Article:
Daniel Goleman has provided the most comprehensive view to date of the skills necessary for healthy personality development. Goleman reported that the usual way of looking at intelligence as only psychological abilities contributes about 20 percent to the factors that determine life success. 80 percent of the skills necessary for life success is determined by what he calls emotional intelligence (EQ) (Wilson, Douville-Watson, & Watson, 2002). In humans, infancy is a critical window of time. If the neurons are not properly formed and connections are improperly made, the effects can haunt a child for his lifetime.
When the foundation of the brain’s architecture is properly in place, it can set the stage for future filled with potential. The foundation for emotional intelligence is formed during this period and continues for years (Schmidt, 2007). Recent evidence suggests that temperament and social environment contribute to the development of emotional labeling. Early emotional development suggests that the decoding component of emotion labeling and infants’ expressive responses to the detection of emotion signals has innate determinants and mainly a function of the emotion perception and expression systems.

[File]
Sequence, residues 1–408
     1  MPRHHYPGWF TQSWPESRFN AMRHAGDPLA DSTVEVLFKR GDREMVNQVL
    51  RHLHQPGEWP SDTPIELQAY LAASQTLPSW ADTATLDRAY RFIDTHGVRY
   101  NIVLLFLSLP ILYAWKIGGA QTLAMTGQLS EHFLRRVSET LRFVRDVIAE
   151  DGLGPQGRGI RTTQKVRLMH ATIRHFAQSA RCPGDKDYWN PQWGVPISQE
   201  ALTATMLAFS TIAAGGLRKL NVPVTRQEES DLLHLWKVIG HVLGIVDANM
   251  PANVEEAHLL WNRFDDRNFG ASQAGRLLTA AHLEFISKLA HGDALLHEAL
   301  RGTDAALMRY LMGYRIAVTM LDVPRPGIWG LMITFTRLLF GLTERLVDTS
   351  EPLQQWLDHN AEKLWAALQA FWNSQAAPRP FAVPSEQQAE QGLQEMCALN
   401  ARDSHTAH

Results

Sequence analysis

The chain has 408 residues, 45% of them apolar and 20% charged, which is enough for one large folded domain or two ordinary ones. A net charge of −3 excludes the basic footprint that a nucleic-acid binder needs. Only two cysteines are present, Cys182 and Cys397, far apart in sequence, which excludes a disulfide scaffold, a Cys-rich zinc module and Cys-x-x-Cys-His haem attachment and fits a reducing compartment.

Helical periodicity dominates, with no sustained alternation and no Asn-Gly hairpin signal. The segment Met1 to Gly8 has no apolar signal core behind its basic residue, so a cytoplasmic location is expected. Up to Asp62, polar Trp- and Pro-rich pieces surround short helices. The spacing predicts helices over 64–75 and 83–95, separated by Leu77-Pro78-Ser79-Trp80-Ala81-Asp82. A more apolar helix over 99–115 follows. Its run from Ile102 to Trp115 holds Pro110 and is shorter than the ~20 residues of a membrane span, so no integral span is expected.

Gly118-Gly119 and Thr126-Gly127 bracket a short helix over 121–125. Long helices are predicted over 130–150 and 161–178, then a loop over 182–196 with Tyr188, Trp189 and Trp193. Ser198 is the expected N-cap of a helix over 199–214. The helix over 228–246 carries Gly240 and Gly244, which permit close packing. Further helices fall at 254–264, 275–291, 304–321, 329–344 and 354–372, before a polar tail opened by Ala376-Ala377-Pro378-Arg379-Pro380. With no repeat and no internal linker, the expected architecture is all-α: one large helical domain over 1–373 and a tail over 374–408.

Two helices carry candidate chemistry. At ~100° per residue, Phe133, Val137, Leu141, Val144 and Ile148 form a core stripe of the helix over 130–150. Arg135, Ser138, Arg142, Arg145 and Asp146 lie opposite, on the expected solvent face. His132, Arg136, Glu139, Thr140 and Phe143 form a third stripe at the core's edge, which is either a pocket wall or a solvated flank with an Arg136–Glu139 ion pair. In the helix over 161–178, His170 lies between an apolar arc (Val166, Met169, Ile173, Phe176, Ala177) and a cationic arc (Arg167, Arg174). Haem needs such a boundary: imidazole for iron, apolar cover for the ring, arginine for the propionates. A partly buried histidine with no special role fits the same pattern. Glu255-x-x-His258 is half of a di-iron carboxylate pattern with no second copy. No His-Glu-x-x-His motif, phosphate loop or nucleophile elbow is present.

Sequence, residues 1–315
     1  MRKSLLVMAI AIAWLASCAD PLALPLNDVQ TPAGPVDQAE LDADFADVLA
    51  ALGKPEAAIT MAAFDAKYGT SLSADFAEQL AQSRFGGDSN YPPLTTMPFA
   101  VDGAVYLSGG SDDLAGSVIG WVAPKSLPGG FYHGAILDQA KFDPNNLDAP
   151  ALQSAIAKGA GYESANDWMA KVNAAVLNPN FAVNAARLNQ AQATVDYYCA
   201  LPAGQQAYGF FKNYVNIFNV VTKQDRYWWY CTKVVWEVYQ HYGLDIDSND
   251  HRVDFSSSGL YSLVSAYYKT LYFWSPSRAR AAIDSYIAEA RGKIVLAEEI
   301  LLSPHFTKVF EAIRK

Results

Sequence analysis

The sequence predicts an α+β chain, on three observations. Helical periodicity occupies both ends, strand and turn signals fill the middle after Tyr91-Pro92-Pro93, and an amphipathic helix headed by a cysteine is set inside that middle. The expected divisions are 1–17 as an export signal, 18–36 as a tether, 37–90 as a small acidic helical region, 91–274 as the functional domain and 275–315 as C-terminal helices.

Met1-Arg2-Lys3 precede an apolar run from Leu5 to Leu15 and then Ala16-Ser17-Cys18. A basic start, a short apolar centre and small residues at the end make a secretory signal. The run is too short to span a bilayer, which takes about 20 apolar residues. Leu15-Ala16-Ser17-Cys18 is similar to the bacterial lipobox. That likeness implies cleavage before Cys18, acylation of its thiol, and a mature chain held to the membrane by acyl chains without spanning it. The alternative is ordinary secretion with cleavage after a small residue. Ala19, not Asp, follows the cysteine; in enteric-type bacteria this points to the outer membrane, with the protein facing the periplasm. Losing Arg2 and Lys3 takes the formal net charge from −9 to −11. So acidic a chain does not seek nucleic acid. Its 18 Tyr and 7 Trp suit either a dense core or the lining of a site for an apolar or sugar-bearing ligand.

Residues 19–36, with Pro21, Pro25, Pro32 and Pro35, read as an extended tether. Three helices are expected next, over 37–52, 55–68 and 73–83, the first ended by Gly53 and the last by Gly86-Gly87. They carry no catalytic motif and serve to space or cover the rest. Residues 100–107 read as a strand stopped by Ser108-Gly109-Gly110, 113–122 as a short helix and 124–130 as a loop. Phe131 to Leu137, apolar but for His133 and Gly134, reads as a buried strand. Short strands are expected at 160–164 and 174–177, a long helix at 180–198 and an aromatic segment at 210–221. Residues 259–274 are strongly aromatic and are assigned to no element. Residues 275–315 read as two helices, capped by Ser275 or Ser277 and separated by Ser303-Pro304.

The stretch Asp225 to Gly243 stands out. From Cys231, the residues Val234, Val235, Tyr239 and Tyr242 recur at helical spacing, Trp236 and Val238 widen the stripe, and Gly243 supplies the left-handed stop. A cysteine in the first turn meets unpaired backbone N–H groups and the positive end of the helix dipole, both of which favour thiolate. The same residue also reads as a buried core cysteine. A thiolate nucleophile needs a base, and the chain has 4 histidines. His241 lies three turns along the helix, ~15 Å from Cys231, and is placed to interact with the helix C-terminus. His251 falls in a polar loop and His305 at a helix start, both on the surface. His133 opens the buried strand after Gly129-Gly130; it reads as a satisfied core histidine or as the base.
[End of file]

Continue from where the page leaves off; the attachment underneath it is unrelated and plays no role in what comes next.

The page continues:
The emotion perception and emotion expression systems in infants are highly pre-adapted to facilitate infant-other communication. Furthermore, early studies showed that one component of EQ, children’s emotional labeling, predicted positive behavioral outcomes, after controlling for verbal and performance components of general intelligence. The ability of young infants to perceive emotion signals, discriminate among them, respond to them in meaningful ways suggest that emotional competence and adaptability has heritability and some independence of psychological development (Roberts, Matthews, & Zeidner, 2002).